MOSCOW (Reuters) - Russia's AIDS epidemic is worsening with as many as 1.3 million people infected with HIV as the virus spreads further into the heterosexual population, Russia's top AIDS specialist said on Tuesday.

Russia has registered 402,000 people with HIV, of whom 17,000 have died, but the real figure is much higher, said Vadim Pokrovsky, head of Russia's federal AIDS centre.

"Not only is the number of Russians infected with HIV rising but there is an increase in the rate at which the epidemic is spreading, so a rise in the number of newly infected," Pokrovsky told reporters.

"We have an estimate of up to 1.2 million to 1.3 million infected with HIV," he said, adding that the number of those registered as infected was rising by 8 to 10 percent a year.

The United Nations estimates 65 million people worldwide have been infected with HIV and that 25 million people have been killed by AIDS since it was first recognized in 1981.

AIDS, which stands for Acquired Immune Deficiency Syndrome, is caused by the human immunodeficiency virus (HIV).

Most of those infected with HIV are unaware they are carrying the virus, according to the UN.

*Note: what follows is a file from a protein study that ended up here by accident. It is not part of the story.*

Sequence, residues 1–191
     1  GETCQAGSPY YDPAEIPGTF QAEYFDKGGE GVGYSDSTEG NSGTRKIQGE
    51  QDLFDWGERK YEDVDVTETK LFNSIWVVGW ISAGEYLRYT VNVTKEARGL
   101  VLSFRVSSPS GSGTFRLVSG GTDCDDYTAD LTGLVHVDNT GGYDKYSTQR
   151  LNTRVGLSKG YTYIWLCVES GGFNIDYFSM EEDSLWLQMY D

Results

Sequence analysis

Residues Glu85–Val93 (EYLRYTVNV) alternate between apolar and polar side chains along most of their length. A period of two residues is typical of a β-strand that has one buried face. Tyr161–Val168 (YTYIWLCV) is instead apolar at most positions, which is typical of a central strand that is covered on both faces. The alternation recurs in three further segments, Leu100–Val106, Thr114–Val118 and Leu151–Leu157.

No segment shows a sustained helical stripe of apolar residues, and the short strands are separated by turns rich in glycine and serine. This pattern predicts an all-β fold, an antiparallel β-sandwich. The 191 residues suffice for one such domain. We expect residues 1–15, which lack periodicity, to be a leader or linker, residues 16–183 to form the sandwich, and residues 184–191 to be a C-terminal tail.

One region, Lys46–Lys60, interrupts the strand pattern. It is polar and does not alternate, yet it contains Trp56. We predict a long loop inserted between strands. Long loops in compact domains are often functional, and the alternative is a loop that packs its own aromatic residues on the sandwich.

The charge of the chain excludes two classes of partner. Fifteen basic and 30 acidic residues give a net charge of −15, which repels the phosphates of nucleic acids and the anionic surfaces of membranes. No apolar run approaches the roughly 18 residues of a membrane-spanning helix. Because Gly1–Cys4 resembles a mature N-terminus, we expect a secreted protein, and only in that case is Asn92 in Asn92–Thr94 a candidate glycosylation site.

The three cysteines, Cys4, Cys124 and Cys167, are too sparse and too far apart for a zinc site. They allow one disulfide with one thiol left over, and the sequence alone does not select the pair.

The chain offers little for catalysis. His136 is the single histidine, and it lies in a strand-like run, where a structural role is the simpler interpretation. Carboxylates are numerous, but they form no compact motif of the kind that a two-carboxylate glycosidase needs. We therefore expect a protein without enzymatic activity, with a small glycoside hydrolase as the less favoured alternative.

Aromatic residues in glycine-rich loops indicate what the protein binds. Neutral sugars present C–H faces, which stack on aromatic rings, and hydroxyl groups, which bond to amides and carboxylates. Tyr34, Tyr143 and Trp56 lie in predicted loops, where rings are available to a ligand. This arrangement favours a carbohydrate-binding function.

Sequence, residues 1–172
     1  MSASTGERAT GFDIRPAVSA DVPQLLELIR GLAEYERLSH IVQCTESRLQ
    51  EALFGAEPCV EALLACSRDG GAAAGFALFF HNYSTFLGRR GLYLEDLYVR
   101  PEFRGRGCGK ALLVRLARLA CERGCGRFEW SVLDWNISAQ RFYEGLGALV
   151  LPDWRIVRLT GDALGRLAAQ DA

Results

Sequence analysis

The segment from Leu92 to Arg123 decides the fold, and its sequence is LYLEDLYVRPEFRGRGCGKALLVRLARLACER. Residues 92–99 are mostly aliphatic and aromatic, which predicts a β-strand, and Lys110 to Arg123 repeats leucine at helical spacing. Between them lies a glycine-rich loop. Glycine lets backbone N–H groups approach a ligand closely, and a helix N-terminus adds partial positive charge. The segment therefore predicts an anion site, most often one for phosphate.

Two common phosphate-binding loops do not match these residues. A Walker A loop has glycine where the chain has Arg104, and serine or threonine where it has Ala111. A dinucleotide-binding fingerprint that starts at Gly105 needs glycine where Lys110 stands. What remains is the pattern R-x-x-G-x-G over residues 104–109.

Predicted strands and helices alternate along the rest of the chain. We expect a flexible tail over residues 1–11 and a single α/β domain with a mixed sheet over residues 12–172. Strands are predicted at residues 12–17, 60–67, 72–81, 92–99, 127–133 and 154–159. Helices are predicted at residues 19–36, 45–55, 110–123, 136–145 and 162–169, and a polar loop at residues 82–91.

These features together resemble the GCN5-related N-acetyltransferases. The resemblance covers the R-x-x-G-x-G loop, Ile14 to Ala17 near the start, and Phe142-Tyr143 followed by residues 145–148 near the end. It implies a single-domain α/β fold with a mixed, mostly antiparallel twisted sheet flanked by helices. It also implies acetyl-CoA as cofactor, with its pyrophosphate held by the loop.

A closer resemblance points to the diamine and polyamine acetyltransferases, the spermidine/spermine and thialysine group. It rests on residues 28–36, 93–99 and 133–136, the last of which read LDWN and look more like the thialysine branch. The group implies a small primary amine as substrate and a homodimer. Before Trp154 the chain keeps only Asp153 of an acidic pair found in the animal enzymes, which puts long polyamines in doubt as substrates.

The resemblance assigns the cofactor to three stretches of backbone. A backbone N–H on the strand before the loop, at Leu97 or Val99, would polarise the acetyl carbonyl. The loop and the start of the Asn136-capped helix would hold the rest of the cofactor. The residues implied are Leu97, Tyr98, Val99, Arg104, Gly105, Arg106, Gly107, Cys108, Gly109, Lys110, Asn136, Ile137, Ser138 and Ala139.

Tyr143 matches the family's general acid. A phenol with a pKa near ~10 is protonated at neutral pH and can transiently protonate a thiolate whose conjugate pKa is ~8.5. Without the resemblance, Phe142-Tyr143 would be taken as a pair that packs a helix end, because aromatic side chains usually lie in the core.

Pokrovsky said HIV was high among Russia's intravenous drug users but that many of those newly infected were not needle users. And he warned that the virus was spreading fast into the heterosexual population.

Women made up 44 percent of 39,589 registered new infections last year, he said adding that in some cities one in ten Russian males were infected with HIV.

"Evidence of the strengthening heterosexual HIV infection is the increase in the number of women among those newly registered with HIV," Pokrovsky said.

"On average for the country, one out of every fifty males is infected with HIV but in some cities it is one in ten," he said.

Russia's northern city of St Petersburg was worst affected followed by Sverdlovsk region, greater Moscow, Samara region and Moscow, though Pokrovsky said figures for Moscow were probably much higher than the data indicated.

The United Nations said in a report published on Tuesday that HIV was higher in richer regions.

"HIV prevalence is in an inverse relationship to economic development: HIV is more widespread in 'rich' regions," the UN said in a report about Russia's regions.

Pokrovsky said overall funding for fighting AIDS in Russia was rising but that just 200 million roubles ($7.75 million) would be spent on prevention in 2007 out of a total budget of 5.3 billion roubles ($205.4 million).

"The financing is sharply rising," he said. "There is now a lot of money, but the spending is not done entirely properly."

"A very small amount of that directed to preventing the further spread of the epidemic; most of it is being used for treatment. That is good but you need prevention too," he said.